|Tuesday, January 18, 2022
You are here: Home » Motoring world » Emma & Graham Swain » Driving abroad
  • Follow Us!

Driving abroad 

I am sure we will all have heard by now the term Middle Lane Hogger here being used in Spain for drivers who only use the centre lane on a motorway, as it is commonly used in the UK but some may not know that it is an offence here in Spain to do so and a fine can and has in cases been implemented.

To clarify the UK Traffic rules are in the Highway Code and rule number 264 applies which clearly states “You should always drive in the left hand lane when the road is clear. If you are overtaking a number of slower moving vehicles, you should return to the left hand lane as soon as is safely possible.

In Spain, Article 31 of the Traffic Laws state that we should drive as far to the right as is possible. On roads with more than one lane in the same direction the normal lane should be the right hand lane, although one is permitted to use another lane when circumstances permit or dictate. An extension to this rule is also “provided you do not hinder the progress of another vehicle.” We can see then that although the wording is slightly different the same rules apply in both countries.

A lot of people have some difficulty in understanding the rules of the road and driving laws. The Highway Code states these rules but it seems that many drivers both new and experienced fail to grasp the rules correctly.

In Spain as in the UK the same rules apply a fixed penalty or fine can be applied to drivers ignoring this rule, this is in no way targeted at foreigners only or any other excuse but because the law dictates the normal lane for driving in Spain is the right hand lane and to claim that no one else was around is not a feasible excuse to give if caught committing this type of offence.

Some interesting facts about foreigners driving abroad has come from a survey carried out by Tom Tom. Of the estimated 20 million Brits who intend to drive abroad this summer whether it be Spain Germany, France or another European country, almost 12 million, could find themselves on the wrong side of the road, a very large proportion of drivers and from this we can see why there are so many accidents and incidents involving foreigner drivers in a country that they are not familiar with.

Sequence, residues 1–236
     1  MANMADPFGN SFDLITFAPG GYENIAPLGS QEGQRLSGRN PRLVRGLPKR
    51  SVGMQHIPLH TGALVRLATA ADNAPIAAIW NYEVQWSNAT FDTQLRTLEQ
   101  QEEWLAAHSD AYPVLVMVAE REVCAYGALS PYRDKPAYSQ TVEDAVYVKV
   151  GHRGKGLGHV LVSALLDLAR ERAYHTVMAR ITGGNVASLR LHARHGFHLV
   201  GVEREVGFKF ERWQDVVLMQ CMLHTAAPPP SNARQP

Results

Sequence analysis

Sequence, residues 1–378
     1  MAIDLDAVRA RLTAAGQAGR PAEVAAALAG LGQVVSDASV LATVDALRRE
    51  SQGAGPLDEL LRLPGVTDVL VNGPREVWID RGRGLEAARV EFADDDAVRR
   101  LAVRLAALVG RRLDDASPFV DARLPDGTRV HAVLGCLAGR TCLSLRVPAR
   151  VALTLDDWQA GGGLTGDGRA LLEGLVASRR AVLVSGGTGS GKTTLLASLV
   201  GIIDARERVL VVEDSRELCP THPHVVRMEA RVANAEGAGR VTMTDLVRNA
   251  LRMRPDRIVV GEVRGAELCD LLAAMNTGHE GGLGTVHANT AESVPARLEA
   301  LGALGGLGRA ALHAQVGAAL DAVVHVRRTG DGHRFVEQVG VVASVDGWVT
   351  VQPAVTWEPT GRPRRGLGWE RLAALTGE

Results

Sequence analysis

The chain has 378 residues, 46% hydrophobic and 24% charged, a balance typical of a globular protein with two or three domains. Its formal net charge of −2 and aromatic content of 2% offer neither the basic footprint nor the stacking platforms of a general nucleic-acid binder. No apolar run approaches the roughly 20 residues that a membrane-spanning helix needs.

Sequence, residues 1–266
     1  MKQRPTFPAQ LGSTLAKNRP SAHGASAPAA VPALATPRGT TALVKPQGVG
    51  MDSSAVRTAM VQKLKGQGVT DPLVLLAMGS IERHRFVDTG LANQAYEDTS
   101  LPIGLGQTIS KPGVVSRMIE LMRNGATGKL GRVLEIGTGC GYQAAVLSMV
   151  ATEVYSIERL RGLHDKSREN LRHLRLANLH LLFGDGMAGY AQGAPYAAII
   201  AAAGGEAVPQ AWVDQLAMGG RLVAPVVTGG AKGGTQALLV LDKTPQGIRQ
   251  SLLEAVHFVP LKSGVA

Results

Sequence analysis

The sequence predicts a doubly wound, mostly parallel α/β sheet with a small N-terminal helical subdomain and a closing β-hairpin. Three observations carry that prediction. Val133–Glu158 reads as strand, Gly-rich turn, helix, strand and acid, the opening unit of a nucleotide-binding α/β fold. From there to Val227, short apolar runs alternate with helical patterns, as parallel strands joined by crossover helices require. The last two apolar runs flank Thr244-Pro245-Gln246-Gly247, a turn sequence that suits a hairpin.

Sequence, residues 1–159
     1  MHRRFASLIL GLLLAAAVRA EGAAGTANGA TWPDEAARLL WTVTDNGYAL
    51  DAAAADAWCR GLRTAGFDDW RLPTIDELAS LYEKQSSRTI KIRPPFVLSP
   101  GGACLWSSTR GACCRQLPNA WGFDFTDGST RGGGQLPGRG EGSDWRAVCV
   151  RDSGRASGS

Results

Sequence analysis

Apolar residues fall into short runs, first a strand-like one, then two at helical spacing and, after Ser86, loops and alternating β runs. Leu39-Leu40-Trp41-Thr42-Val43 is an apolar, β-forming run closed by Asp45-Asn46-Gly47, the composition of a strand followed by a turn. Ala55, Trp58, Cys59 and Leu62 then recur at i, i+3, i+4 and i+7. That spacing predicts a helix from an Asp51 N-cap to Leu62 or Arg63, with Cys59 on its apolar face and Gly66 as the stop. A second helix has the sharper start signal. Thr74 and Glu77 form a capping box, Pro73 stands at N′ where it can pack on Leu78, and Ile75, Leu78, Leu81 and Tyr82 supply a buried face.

A new Europe wide study of over 10,000 drivers, of which almost 2000 were from the UK has shown that almost 44% of British drivers intending to drive abroad this year, approximately 71% had little or no knowledge of the driving laws in their destination. 85% stated that they had done some research into local driving laws they were stumped by many. For example in Spain in some places it is only permitted to park on one side of the road at certain times of the day and the other side at other times! Confusing for even the locals one would think.

Many admit it is not just the regulations that confuse or stress them but also not knowing when and where to park, driving on the “wrong” side of the road, not knowing which lane to use or the correct speed limit to name but a few. Approximately two thirds of people questioned in this survey admitted they would prefer someone else to drive as they do not feel confident as they do in their home country and also that the stress caused can spoil their holiday.

Therefore you should do as much research as possible before travelling and ensure that you are a confident and competent driver and familiarise yourself with your vehicle fully before setting off on any journey. A handy tip is to try and remain behind a vehicle in order to avoid being on the wrong side of the road!